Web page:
When he abandoned his school, George Whitefield had only built foundation walls. Completed by the Moravian Brethren, “Ephrata,” as the Moravians called it, has since served as home to young couples newly arrived, a boarding school, a nursery for children of missionaries, a seat of the Moravian Theological Seminary, and, more recently, the headquarters and museum of the Moravian Historical Society. The original building was a three-story, six-bay, double-pile structure of native limestone. Moravian builders often included brick segmental-arched lintels in their stone walls, a detail found at Whitefield House. An unusual feature is the stepped brick stringcourse at the second-floor line similar to that on Independence Hall; perhaps this feature is a regionalism brought from Britain or it may be nothing more than an indication of the end of a season's work. Like many Moravian buildings, Whitefield House is gambrel roofed and framed with hand-hewn timbers, and once featured jerkinhead dormers. In the late nineteenth century, the building's volume was increased by one-third when three new bays were added and the dormers were replaced with an array of simple gabled forms.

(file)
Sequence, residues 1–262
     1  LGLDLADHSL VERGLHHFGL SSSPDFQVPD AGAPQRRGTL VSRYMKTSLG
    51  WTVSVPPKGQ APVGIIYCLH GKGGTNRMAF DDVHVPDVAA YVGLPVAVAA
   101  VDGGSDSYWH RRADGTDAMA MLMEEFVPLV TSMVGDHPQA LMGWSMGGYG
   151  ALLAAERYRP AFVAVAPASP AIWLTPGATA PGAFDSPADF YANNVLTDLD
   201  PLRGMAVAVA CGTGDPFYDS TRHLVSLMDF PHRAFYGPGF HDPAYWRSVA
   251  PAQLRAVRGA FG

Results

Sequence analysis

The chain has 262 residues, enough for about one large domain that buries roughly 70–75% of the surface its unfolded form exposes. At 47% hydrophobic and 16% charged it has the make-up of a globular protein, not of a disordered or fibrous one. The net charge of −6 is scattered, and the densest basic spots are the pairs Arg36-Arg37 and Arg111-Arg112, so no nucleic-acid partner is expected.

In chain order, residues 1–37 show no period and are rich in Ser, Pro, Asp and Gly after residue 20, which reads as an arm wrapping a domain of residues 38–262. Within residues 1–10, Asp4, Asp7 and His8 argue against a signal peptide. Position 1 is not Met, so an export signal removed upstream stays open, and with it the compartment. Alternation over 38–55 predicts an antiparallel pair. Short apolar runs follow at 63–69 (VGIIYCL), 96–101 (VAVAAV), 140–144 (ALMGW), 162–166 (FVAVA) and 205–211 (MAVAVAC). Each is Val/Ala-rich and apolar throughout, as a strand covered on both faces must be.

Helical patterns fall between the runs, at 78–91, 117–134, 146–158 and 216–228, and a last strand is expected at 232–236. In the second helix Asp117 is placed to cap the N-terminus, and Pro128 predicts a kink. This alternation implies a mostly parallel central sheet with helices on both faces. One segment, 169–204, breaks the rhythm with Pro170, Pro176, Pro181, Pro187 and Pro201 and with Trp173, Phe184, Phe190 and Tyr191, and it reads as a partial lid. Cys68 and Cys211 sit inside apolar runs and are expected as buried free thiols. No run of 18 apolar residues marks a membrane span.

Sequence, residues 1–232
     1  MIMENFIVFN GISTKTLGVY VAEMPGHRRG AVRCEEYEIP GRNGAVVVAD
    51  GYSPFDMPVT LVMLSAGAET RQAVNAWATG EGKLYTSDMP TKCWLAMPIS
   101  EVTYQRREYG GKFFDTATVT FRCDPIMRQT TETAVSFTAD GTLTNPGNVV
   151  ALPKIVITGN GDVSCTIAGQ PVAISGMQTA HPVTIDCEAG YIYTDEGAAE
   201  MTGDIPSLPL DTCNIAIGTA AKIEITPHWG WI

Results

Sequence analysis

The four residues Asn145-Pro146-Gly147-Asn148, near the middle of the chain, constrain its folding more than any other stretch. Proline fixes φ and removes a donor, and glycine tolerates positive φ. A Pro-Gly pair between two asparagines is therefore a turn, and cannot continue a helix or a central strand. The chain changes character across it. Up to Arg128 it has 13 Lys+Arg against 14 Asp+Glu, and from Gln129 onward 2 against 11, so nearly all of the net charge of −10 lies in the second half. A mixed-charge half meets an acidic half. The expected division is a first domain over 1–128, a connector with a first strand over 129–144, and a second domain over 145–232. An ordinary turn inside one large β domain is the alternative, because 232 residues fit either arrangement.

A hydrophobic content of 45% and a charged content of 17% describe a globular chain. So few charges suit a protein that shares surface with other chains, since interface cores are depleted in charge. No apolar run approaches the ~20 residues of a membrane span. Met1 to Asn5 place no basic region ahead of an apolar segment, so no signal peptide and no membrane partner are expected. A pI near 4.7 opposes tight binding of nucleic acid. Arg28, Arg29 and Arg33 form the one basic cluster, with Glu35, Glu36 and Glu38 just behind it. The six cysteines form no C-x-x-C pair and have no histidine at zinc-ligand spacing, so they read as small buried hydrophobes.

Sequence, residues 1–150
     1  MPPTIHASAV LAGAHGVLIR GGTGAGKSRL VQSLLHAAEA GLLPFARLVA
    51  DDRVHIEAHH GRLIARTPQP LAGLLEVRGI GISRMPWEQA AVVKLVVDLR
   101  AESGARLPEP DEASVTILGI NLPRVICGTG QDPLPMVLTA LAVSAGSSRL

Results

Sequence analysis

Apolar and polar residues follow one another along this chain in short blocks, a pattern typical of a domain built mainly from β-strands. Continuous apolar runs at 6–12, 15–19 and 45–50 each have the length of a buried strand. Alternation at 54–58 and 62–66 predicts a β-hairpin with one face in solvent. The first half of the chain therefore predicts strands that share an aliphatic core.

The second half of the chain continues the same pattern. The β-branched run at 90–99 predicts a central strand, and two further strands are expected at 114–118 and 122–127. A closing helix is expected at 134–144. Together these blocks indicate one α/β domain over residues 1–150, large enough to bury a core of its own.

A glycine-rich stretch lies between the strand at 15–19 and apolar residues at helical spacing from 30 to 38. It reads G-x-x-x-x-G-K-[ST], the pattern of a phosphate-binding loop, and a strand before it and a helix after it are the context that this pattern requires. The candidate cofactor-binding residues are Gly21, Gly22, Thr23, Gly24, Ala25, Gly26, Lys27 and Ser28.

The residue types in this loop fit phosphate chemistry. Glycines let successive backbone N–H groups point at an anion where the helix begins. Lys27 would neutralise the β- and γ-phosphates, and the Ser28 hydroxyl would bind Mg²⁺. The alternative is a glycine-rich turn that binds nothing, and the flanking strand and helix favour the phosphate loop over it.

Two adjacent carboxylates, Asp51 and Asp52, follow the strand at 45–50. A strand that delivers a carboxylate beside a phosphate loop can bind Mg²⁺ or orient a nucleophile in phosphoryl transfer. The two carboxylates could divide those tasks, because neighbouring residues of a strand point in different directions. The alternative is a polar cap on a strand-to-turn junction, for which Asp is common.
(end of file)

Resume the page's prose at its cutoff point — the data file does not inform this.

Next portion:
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Whitefield House, “Ephrata”
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